"They're pandering to hysteria about developments in the Middle East," said one risk consultant who, like many contacted by the BBC, preferred to remain anonymous.

The vast majority of kidnap and ransom cases involve criminals, not terrorists. Hiscox says that in the past five years, less than 0.5% of claims have involved proscribed organisations. But Mr Davies admitted that in kidnap situations "ultimate responsibility can sometimes be hard to unwind".

Insurers say they go to great lengths to establish who they are dealing with, generally calling on the expert advice of security experts like Control Risks. They also point out that they do not pay ransoms directly, but merely reimburse clients after families or companies have raised and handed over the money themselves.

Inevitably, secrecy shrouds the whole business. For obvious reasons, companies do not advertise that staff are covered for ransom. Contact with kidnappers is necessarily discreet.

And while most experts agree that crisis management works best when security experts, insurers and government officials are working harmoniously together, there is a fear that Theresa May's latest moves may complicate an already delicate process.

"Incidents involving proscribed organisations may now be even more complex and difficult to manage," Hiscox Special Risks CEO Rob Davies wrote in a statement to brokers.

Into a corner?

Another security expert who would only speak on background said it was a mistake for the government to box itself into a corner.

"It's tough when the government doesn't encourage any kind of negotiation," he said, noting that in some cases early intervention and small sums of money can prevent hostages captured by common criminals from being handed on to jihadi groups.

"Just don't make everything absolute," he added.

The UK and the US have spearheaded efforts at the UN to ban the payment of ransoms. Resolution 2133, passed by the Security Council in January, called on member states to prevent terrorists from benefiting "directly or indirectly from ransom payments or from political concessions".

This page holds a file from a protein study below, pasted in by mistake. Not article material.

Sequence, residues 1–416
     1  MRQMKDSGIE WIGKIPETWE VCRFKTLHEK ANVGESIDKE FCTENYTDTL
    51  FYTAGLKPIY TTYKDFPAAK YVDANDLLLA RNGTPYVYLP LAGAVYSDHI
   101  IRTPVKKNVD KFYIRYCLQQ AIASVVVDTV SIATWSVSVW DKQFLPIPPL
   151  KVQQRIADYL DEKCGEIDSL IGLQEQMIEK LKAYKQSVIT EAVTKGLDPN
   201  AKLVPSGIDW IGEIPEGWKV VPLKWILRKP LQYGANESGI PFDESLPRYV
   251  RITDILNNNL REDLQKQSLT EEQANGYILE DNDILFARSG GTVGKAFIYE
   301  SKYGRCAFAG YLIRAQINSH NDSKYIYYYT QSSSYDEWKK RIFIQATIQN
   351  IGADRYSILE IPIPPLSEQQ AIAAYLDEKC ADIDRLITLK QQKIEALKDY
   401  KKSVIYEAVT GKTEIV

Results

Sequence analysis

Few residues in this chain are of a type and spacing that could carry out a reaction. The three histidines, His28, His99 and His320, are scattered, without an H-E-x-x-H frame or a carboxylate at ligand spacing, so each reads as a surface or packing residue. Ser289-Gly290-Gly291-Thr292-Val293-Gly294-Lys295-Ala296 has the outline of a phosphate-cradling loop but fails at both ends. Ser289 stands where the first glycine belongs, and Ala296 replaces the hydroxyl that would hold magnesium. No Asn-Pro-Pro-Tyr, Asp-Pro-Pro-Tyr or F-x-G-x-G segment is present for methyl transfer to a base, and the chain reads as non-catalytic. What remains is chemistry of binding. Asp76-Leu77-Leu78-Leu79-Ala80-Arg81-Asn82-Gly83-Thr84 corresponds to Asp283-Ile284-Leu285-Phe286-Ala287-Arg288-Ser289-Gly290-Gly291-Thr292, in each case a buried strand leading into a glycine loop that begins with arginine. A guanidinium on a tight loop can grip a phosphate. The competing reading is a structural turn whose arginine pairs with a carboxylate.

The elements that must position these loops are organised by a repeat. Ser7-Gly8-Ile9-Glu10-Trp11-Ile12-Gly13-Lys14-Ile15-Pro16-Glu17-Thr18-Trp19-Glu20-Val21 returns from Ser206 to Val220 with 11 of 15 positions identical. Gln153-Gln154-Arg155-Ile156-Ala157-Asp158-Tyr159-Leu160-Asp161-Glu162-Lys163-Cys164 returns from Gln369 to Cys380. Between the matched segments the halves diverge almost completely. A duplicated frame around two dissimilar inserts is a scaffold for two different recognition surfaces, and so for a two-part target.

At a G8 summit in 2013, leaders were equally clear: "We unequivocally reject the payment of ransoms to terrorists."

But a number of European countries, including France, Germany, Italy and Switzerland, have been accused of paying ransoms to al-Qaeda affiliates, sometimes finding ingenious methods - including middlemen and development budgets - to cover their tracks.

Oman and Qatar are known to have paid ransoms on behalf of a number of European governments.

"It's clear that ransoms continue to be paid to al-Qaada groups and individuals, in breach of UN sanctions," says Alexander Evans, coordinator of a UN Security Council expert team.

In too many cases, he says, the willingness to pay trumps the willingness to implement sanctions.

He acknowledges that kidnap cases are appallingly difficult to deal with, but says very real human emotions need to be balanced by the need to squeeze the funds flowing to terrorist groups.

Ransomed man

Sean Langan's brief but terrifying period as a hostage came to an end when, according to media accounts at the time, Britain's Channel 4 TV paid £150,000 for his release. The same sum, it was alleged, was paid for Langan's Afghan fixer. Langan had been working on a film commissioned by Channel 4 when he was seized.

Channel 4 still refuses to discuss what arrangements were made to secure his release, saying the negotiations were "complex and delicate".

Langan says he doesn't know exactly what was done to buy his freedom, but says it's not something he takes lightly.

"It stays with you for the rest of your life, that kind of decision," the former hostage adds.